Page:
JLIC’s first Food for Thought of the semester explores religion, the state of Israel

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By Nicole Reisinger
For the Mitzpeh
@nareising

Rabbi Elli Fischer spoke to six students at Maryland Hillel Monday night about the relationship between religion and the state of Israel.

This was the first discussion of the semester for JLIC’s first Food for Thought series, a program that aims to provide students with differing perspectives, said Rabbi Alex Tsykin.

“It offers an opening for a different perspective,” said Tsykin, an OU-JLIC Torah Educator. “We sometimes have people from the community come speak and it is also convenient for other speakers who are coming to visit the area.”

Fischer is currently visiting the U.S. on a speaking tour discussing the topic of religion and the state of Israel.Fischer was Maryland Hillel’s first OU-JLIC rabbi and now lives in Modiin, Israel, with his wife and three children working as an independent writer, translator, editor, and rabbi.

Fischer focused mainly on the contentions surrounding the institution of marriage – a divisive and contested issue in Israel.  

“The problem with the Israeli Chief Rabbinate … is that it’s an arm of government,” said Fischer.

Students listen to Rabbi Elli Fisher (right) at JLIC's first "Food for Thought" of the semester Monday. Nicole Reisinger/Mitzpeh.

Students listen to Rabbi Elli Fisher (right) at JLIC’s first “Food for Thought” of the semester Monday. Nicole Reisinger/Mitzpeh.

Fischer believes that while chief rabbis and rabbinical courts are highly accepted by the majority of Jewish communities, the transformation of these religious bodies into government entities leads to problematic relations between church and state, or the lack thereof.  

“Judaism is not just a matter of religion. It’s a matter of culture and nationality,” said Fischer.

The Rabbinical Courts Jurisdiction Law holds that a legitimate marriage can only be conducted under halachic Orthodox rules. Reform weddings or those not conducted by an Orthodox rabbi are not acknowledged by the state and the couple is considered a common-law couple. An addendum to the law includes that those who fail to register a marriage or one they arranged for someone else faces a two-year prison term.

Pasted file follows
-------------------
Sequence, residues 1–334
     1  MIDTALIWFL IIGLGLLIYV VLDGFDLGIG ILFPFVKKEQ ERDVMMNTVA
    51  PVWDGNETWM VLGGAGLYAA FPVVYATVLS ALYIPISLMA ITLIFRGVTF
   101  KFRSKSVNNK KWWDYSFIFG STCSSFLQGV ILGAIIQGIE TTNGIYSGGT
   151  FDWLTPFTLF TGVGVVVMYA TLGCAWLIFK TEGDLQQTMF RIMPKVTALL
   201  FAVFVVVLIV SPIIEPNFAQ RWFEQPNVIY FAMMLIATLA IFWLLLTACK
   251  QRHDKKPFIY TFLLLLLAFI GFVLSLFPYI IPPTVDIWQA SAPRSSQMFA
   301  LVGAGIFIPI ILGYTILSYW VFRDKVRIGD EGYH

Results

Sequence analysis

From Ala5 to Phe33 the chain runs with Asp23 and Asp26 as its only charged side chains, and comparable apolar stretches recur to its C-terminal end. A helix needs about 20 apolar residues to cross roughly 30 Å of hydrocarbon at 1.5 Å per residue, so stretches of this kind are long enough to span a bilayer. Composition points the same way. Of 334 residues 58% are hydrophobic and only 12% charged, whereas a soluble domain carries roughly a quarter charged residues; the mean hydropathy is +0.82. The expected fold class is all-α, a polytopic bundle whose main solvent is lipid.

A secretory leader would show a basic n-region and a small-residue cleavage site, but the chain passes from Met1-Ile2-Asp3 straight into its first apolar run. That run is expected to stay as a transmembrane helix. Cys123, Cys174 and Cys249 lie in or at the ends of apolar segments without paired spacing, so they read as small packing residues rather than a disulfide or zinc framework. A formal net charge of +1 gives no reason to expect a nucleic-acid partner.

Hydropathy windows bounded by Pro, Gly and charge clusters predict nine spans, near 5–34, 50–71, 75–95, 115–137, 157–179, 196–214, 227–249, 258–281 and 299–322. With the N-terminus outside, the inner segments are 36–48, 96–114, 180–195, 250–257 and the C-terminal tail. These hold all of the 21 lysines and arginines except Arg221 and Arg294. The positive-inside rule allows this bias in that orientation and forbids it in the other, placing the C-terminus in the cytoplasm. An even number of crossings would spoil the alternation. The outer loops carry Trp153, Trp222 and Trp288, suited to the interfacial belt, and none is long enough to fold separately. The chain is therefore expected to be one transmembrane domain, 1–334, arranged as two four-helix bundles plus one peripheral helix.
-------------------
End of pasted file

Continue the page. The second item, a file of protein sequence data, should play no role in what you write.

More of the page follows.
In Israel, there are waves of couples secretly wedding in private halachic marriages.

“I’m an orthodox Rabbi,” said Fischer, “I will not officiate the wedding of a kohen to a divorced woman. I observe halacha and I will not officiate that. But there’s a big leap from saying ‘halakha forbids this and therefore we can’t do it’ to saying ‘we want to have a state where such marriage is forbidden.”

Rabbi Elli Fisher talks to students Monday about religion and the state of Israel. Nicole Reisinger/Mitzpeh.

Rabbi Elli Fisher talks to students Monday about religion and the state of Israel. Nicole Reisinger/Mitzpeh.

The danger of having a religion and government so inextricably related manifests itself into certain groups drawing political implications to justify their own means. Fischer calls for alternatives in order to preserve the sanctity of Judaism because he fears religion in Israel is becoming a matter of coercion and is on the urge of fragmenting itself.

“I want civil marriage because I don’t want to be coercive…[it’s] a waste of political capital to make sure people who have no interest in the Jewish religion get married religiously,” he said.

A current concern in Israel is determining whether civil and non-Orthodox marriages require divorces since they are not legally recognized by the Rabbinate, and therefore do not carry the same legitimacy. Fischer believes creating a brand of civic religion and allowing people to opt out of the rabbinate is the proper solution.

However, Fischer thinks it would be a mistake to recognize more than one form of Judaism.

“When I think about where I want religion and that state of Israel to go, I don’t want it to move in the American direction,” said Fischer.

Rebecca Grossman, a senior engineering major, thought this was an interesting lens through which to view the issue of different denominations of Judaism in the U.S. and the lack thereof in Israel.

“[I didn’t think of it] as something that is very deliberate, that we want to keep it as a general religion that doesn’t have those divisions that Jews (in the U.S.) are very use to,” said Grossman.

Israel officially recognized 17 different religious communities, and of those 17, it only recognizes one Judaism. The Knesset ruled not to recognize Reformed Judaism as its own autonomous and religious community. Fischer believes this is the correct decision because doing so would ultimately transform Judaism into a matter of personal creed rather than the civilizational way of life.

This creates a dilemma for Israelis because there is now an underlying tension between what it means to be ‘Israeli’ and ‘Jewish,’ two terms that used to be synonymous. It is also troubling for Jewish Americans because it means conceding the point that Judaism in Israel is inherently Orthodox and that it is impossible to take the Jewish religion out of the Jewish state.

Aharon Garrett, a sophomore finance major, feels like this discussion changed and informed his view on these issues.

It “covered some culture background which was interesting and also offered some in-depth knowledge of the issue that I wasn’t necessarily aware of,” said Garrett.  

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